The ubiquity of approximately sparse data has led a variety of communities to take great interest in compressed sensing algorithms. Although these are very successful and well understood for linear measurements with additive noise, applying them to real data can be problematic if imperfect sensing devices introduce deviations from this ideal signal acquisition process, caused by sensor decalibration or failure. We propose a message passing algorithm called calibration approximate message passing (Cal-AMP) that can treat a variety of such sensor-induced imperfections. In addition to deriving the general form of the algorithm, we numerically investigate two particular settings. In the first, a fraction of the sensors is faulty, giving readings unrelated to the signal. In the second, sensors are decalibrated and each one introduces a different multiplicative gain to the measurements. Cal-AMP shares the scalability of approximate message passing, allowing us to treat large sized instances of these problems, and experimentally exhibits a phase transition between domains of success and failure. (paper)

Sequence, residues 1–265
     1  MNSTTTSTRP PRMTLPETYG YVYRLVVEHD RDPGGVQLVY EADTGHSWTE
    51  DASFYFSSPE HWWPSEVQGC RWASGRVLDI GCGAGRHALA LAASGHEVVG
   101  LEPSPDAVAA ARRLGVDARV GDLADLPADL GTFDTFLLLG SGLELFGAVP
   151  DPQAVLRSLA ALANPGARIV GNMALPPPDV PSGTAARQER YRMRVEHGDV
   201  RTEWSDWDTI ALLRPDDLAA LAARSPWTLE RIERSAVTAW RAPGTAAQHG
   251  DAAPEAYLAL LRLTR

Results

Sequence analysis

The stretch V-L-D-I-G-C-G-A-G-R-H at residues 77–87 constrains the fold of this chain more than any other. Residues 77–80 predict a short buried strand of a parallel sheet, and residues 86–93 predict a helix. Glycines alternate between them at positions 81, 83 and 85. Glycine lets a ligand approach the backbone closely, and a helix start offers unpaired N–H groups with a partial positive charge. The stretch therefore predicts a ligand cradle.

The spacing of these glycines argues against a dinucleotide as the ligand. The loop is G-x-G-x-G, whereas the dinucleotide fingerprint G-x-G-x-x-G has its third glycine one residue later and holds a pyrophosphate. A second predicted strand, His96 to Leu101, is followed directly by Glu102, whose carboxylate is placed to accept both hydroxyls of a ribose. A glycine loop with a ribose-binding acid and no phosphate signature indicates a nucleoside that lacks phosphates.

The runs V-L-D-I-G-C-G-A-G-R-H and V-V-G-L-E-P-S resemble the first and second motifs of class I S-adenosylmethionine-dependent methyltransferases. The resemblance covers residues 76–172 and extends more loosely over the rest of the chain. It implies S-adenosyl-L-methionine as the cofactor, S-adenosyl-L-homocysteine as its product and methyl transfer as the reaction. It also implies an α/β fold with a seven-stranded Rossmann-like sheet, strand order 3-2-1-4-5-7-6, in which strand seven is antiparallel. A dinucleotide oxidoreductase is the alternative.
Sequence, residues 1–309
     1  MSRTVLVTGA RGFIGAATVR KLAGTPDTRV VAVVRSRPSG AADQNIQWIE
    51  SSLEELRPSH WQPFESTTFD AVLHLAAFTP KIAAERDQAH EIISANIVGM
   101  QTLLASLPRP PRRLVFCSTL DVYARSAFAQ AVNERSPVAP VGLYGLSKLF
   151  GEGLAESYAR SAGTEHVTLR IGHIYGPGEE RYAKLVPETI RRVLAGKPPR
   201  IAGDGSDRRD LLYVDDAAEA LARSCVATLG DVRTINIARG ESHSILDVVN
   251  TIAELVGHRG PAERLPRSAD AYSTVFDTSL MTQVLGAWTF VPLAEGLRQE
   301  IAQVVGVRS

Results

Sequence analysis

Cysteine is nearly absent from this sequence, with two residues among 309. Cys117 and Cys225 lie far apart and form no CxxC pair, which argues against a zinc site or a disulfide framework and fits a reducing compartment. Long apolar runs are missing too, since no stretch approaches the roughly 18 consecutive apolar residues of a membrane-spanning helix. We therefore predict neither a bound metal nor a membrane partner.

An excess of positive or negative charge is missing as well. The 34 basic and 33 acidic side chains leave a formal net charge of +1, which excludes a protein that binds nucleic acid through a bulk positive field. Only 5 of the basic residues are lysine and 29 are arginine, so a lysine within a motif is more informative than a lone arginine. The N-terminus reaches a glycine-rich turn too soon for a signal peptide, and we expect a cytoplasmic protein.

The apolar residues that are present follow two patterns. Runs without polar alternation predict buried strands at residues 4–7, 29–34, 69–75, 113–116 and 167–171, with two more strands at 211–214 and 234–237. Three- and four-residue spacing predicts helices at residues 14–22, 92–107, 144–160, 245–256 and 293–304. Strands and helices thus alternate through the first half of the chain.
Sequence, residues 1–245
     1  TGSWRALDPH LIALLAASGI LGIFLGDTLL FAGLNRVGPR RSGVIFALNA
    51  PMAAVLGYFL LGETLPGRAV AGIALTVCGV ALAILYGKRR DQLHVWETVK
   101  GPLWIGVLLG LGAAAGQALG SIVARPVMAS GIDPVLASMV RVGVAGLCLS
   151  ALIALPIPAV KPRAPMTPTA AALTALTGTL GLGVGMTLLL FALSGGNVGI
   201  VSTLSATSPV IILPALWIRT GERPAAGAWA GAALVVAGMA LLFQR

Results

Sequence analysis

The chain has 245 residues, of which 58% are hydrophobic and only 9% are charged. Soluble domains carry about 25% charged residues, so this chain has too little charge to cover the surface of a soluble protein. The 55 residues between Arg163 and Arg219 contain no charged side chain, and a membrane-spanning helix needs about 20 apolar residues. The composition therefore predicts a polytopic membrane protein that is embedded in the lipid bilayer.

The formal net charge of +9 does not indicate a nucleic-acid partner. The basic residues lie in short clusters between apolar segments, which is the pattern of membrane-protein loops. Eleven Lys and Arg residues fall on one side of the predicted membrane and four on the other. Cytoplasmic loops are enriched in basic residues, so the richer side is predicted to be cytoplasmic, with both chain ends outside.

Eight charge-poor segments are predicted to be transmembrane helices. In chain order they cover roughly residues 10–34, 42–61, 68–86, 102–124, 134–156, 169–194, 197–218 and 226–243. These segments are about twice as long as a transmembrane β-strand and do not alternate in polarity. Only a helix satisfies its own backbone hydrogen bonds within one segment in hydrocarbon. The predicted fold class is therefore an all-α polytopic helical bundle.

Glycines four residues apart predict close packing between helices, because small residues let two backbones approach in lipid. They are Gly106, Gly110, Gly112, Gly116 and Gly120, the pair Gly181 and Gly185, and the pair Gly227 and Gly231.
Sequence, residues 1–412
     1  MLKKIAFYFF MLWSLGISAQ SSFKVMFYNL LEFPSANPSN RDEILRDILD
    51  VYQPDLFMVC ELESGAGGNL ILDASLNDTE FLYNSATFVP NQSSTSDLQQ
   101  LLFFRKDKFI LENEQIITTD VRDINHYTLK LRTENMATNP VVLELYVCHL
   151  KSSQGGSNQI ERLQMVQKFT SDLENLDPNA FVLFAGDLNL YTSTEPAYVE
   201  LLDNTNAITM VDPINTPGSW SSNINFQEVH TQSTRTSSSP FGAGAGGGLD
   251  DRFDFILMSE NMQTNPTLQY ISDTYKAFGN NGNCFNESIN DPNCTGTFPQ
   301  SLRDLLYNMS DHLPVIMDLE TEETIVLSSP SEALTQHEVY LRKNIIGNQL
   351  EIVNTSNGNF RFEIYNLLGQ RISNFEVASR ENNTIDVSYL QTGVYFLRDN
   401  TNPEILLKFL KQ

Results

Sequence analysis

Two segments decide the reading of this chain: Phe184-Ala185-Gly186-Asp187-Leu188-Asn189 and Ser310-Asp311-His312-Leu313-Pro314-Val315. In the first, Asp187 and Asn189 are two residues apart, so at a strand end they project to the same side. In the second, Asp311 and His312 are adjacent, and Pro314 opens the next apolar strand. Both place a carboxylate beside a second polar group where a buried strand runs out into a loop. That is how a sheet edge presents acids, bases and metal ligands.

6. Antioxidant health messages in Canadian women's magazines.

    Science.gov (United States)

    Steinberg, Alissa; Paisley, Judy; Bandayrel, Kristofer

    2011-01-01

    Recently, antioxidants have taken centre stage in media and advertising messages. While 80% of Canadians think they are well-informed about nutrition, many are confused about the health effects of specific nutrients. Forty-six percent of Canadians seek information from newspapers and books, and 67% of women rely on magazines. We examined the content and accuracy of antioxidant health messages in Canadian women's magazines. The top three Canadian magazines targeted at women readers were selected. A screening tool was developed, pilot tested, and used to identify eligible articles. A coding scheme was created to define variables, which were coded and analyzed. Seventy-seven percent of 36 magazine issues contained articles that mentioned antioxidants (n=56). Seventy-one percent (n=40) of articles reported positive health effects related to antioxidant consumption, and 36% and 40% of those articles framed those effects as definite and potential, respectively (p<0.01). The articles sampled conveyed messages about positive antioxidant health effects that are not supported by current evidence. Improved standards of health reporting are needed. Nutrition professionals may need to address this inaccuracy when they develop communications on antioxidants and health risk.

  7. ZeroMQ: Messaging Made Simple

    CERN Multimedia

    CERN. Geneva

    2013-01-01